j3 has asked for the wisdom of the Perl Monks concerning the following question:

When looking at a sizable existing project for the first time, does anyone know of a tool for Perl that you can run on the codebase and have it spit out summary information, ex. which classes inherit from which, which methods are overloaded, etc.? Or maybe even something to produce a diagram to help visualize the structure of the project?

I'm not sure what you'd call this. A "class browser", "object browser", or just CASE tool I suppose. Seems like it would be a time-saver when getting up to speed with a new project.

Currently, if faced with a pile of Perl code has no design docs ([sigh] serenity now, serenity now, ...), I just slog through each file, and use pencil & paper to come up with something to help visualize the system (though in the past have cobbled together crude tools to help with this, like grepping for "package", "use", and "sub").

  • Comment on project structure / class browser for Perl?

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Re: project structure / class browser for Perl?
by agianni (Hermit) on Mar 13, 2007 at 17:25 UTC
    I've actually been looking into this over the last couple of days myself. I've come across a few CPAN modules (UML::Class::Simple looks most promising) that generate UML for code. I haven't had a chance to really dig into any of them, though.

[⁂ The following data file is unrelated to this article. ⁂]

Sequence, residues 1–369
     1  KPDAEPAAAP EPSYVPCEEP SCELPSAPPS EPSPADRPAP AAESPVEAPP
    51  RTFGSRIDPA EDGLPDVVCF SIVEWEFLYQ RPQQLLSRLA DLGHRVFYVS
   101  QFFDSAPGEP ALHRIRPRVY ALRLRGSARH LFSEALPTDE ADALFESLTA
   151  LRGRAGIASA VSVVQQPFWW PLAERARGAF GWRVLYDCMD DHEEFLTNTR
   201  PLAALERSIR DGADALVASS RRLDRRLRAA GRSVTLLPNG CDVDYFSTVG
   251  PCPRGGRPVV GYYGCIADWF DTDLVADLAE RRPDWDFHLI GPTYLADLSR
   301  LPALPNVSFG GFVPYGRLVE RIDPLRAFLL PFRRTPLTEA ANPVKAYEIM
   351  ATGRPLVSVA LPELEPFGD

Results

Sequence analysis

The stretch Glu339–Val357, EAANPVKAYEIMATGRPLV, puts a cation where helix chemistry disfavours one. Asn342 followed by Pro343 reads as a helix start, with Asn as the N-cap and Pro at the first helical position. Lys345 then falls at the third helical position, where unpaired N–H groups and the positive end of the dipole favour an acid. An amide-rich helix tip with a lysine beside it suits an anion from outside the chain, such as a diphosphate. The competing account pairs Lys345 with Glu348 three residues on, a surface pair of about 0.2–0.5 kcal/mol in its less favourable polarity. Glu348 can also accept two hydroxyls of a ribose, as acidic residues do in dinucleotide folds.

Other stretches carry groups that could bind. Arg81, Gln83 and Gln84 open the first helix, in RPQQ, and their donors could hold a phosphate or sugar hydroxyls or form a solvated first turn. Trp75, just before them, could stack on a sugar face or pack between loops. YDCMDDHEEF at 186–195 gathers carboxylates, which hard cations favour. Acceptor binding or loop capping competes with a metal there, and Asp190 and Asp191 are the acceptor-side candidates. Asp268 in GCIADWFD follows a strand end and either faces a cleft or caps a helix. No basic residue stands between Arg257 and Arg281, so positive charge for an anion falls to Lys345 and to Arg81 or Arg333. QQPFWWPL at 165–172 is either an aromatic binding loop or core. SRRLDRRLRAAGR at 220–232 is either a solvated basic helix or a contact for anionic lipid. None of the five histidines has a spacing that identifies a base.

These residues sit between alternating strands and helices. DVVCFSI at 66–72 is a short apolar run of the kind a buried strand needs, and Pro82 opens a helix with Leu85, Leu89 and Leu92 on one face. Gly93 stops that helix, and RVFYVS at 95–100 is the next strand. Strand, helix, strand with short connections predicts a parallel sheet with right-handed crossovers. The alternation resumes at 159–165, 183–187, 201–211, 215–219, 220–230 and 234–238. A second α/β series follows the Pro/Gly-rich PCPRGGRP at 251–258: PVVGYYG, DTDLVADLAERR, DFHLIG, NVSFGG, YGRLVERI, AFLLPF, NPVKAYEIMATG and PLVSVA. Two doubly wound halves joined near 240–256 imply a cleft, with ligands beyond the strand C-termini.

I was ready to write, naah, because perl is dynamic and everything can be changed at runtime, it would just be too difficult to do this properly...

      But after reading your post, I gave UML::Class::Simple a whirl, and I'm absolutely blown away. The result is phenomenal. To see my last year's work (30,000 lines) represented this way is just incredible.

      thanks for the link!


Re: project structure / class browser for Perl?
by GrandFather (Saint) on Mar 13, 2007 at 19:41 UTC
Re: project structure / class browser for Perl?
by planetscape (Chancellor) on Mar 13, 2007 at 20:09 UTC
Re: project structure / class browser for Perl?
by g0n (Priest) on Mar 13, 2007 at 22:41 UTC
    Very much quick and dirty, but I use something I knocked up last year to feed into ArgoUML:



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